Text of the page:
Navigating Nutrition Through the Holidays

by Stephanie Small, MS, LD, RDN

Nutrition Through The Holidays

Ah, the holiday season is upon us. The time of year of festivities, parties, family, and food galore! As we are entering the peak holiday season, you may be approaching that sense of trying to hold onto all the positive nutrition habits you have made over the past few months, with guilt following suit every time you have a sweet treat or you have thrown in the towel to restart again at the new year.

Due to the abundance of food and the change in environment, it is expected to eat a little differently. Overeating a bit over the holidays is a normal response and not something to feel guilty about. You should also not throw in the towel and forget about nutrition altogether. So how do we balance enjoying the festive foods and being purposeful with nutrition?

I prefer the approach that is neither extreme nor strict but approaches a balance that fits into your life! Here are my biggest tips for navigating nutrition this holiday season to help you maintain healthy nutrition habits, enjoy food, and come out guilt-free.

1. Enter the holidays without restriction but rather purpose.

Research has repeatedly shown that restriction of foods leads to overeating of that restricted food when exposed to it1,2. So rather than going to the holiday parties and festivities with the mindset that you won’t have any sweets or other enjoyable food, you are more likely to overindulge in that food item when presented with it.

Instead of riddling with guilt and anxiety over the food, enjoy foods with a purpose. Practice enjoying the foods you want to eat with purpose and not a restriction to minimize the chance of overeating. This may be easier said than done, but I encourage you to start to dismiss any restrictive food thoughts that may come about this year.

2. Stay ahead of your hunger.

DO NOT…I repeat…DO NOT purposely skip meals. The hungrier you get from skipping meals or going hours without eating (even if you aren’t hungry, which could be masked by caffeine, work, or other items) then, your ability to make a conscious decision about your food will go down and your reward center will more than likely pick the meal. That typically leads to overindulging in higher-fat and sugary food items.

To prevent making decisions out of hunger, I encourage you to keep snacks on hand, prepare as needed, or have go-to take-out options that you know are nutritious. This way, you can go to parties satisfied rather than ravenously hungry.

3. Eat both nutritious foods and still enjoy the foods you enjoy. 

Eating both nutritious and enjoyable foods can co-exist. It does not have to be one or the other. You can use the Canadian Food Guide3 as a guideline where you fill a quarter of your plate with protein, a third to half the plate with vegetables, and a third to a quarter of your plate with carbohydrates.

During the holiday season, this could look like your choice of protein, one to two sides of vegetable-based dishes, and a piece of pie representing a carbohydrate.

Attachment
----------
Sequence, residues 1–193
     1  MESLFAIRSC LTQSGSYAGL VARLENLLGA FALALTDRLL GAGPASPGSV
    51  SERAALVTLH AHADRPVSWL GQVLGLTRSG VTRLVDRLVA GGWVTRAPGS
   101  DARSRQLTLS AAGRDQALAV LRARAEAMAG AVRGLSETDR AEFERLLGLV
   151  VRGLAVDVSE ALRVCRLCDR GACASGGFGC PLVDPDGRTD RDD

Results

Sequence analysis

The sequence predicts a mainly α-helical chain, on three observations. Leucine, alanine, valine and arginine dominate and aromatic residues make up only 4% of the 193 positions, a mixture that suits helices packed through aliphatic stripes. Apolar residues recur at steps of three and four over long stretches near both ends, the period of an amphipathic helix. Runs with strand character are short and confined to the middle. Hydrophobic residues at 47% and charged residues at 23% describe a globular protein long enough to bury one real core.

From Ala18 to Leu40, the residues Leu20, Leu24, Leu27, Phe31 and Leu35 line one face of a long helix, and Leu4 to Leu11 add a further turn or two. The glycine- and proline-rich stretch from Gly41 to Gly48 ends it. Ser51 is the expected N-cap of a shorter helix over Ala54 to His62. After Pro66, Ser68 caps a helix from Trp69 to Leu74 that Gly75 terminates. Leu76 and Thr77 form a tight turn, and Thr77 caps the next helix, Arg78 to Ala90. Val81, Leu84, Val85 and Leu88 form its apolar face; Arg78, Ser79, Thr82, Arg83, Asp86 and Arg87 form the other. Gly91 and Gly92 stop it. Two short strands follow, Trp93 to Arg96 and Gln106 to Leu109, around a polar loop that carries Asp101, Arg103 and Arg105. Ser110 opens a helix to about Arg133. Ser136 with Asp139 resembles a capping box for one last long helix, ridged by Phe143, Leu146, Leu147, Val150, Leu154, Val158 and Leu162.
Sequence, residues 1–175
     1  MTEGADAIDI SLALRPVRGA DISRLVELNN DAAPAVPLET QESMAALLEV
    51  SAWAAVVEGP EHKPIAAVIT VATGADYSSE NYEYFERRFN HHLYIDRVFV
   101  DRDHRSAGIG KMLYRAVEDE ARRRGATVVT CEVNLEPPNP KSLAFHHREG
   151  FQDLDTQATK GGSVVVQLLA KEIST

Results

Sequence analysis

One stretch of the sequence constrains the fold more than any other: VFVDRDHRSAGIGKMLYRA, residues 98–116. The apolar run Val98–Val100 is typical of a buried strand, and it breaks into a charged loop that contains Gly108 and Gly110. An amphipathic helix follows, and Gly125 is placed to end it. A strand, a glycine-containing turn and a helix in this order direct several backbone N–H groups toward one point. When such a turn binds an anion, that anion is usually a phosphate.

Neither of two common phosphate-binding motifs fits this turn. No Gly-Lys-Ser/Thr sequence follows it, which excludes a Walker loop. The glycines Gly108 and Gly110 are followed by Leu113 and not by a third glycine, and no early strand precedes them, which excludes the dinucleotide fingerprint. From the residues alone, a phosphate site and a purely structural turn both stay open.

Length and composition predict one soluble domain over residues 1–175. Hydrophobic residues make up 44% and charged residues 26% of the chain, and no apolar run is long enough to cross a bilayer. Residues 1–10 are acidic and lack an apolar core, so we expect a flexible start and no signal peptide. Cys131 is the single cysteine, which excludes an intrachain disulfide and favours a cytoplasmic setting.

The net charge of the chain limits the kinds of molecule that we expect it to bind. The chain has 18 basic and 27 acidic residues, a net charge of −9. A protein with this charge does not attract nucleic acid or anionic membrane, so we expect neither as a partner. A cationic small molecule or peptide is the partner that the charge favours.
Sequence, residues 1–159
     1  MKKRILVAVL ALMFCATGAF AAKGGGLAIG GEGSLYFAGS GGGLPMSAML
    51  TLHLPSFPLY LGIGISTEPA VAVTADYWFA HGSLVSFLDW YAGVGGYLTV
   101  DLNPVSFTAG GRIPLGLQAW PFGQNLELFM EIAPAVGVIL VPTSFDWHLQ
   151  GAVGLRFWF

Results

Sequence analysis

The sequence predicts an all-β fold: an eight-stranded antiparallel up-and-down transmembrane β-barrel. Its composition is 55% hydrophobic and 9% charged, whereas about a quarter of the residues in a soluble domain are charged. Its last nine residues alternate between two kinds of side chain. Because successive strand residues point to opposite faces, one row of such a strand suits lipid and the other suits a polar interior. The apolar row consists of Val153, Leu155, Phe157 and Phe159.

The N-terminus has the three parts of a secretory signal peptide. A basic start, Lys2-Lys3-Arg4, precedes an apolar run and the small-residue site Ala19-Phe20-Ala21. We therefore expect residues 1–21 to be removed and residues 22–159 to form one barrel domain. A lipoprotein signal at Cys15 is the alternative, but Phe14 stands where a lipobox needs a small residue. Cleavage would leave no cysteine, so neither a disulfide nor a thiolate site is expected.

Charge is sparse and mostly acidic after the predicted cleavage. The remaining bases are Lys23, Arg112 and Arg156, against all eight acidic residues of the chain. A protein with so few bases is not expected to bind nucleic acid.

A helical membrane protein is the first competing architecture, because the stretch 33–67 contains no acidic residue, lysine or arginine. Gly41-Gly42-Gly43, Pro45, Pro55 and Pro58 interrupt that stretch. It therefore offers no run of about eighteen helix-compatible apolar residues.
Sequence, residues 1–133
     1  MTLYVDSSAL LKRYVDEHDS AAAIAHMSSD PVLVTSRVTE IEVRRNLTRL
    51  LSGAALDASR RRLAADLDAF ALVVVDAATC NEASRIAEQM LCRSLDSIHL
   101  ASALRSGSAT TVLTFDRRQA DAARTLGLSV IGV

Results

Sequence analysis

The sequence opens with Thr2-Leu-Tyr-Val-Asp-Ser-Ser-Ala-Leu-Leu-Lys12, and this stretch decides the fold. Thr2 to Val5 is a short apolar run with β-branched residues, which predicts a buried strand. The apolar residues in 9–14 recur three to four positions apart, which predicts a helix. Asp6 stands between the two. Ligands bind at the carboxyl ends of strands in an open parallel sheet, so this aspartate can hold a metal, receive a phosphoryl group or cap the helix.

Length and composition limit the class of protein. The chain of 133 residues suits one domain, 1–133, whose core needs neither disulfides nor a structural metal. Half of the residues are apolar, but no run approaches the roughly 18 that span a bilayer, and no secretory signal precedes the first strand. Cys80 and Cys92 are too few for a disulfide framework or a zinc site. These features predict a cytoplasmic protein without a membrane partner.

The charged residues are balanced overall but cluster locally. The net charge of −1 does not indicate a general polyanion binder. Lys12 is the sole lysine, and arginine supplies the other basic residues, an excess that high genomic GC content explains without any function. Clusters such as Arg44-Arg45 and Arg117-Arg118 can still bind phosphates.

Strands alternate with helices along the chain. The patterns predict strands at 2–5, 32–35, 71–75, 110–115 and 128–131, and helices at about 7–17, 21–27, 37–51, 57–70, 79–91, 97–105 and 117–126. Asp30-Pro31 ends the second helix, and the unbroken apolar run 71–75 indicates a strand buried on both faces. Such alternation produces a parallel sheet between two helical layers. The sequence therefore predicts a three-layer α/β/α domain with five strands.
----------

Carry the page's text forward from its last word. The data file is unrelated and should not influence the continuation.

4.  Minimize mindless eating

With all the festivities and socializing, it can be easy to grab endless handfuls of chips or to keep reaching for the cookies without realizing how much you have consumed.

Instead, I encourage you to eat the food that you physically place on a plate for yourself. This allows you to portion out how much you want to eat rather than mindlessly reaching for food without awareness of how much you have consumed.

You can go back for seconds if you want, but the goal is to do so with purpose and plating the amount of food you want.

5.  Enjoy the holiday season and cut yourself some slack

The reality of life is that we can’t eat perfectly 100% of the time or even eat with purpose 100% of the time. But being purposeful and mindful in your eating habits some of the time is better than throwing in the towel. Think of your nutrition as a spectrum rather than things you do and don’t do (e.g., good or bad). It is better to eat with purpose when you can, rather than stress out overindulging throughout the holiday season.

Getting through the holiday season can be stressful enough for many; don’t let food add to your stress unless there is a medical reason or other reasoning (e.g., dieting for a bodybuilding competition); enjoying the holiday season will not derail you from your nutrition and health goals!

Happy holidays!


  1. Avena NM, Murray S, Gold MS. Comparing the effects of food restriction and overeating on brain reward systems. Exp Gerontol. 2013 Oct;48(10):1062-7. doi: 10.1016/j.exger.2013.03.006. Epub 2013 Mar 25. PMID: 23535488; PMCID: PMC4013785.
  2. Zhang X, Wang S, Liu Y, Chen H. More restriction, more overeating: conflict monitoring ability is impaired by food-thought suppression among restrained eaters. Brain Imaging Behav. 2021 Aug;15(4):2069-2080. doi: 10.1007/s11682-020-00401-8. Epub 2020 Oct 8. PMID: 33033984.

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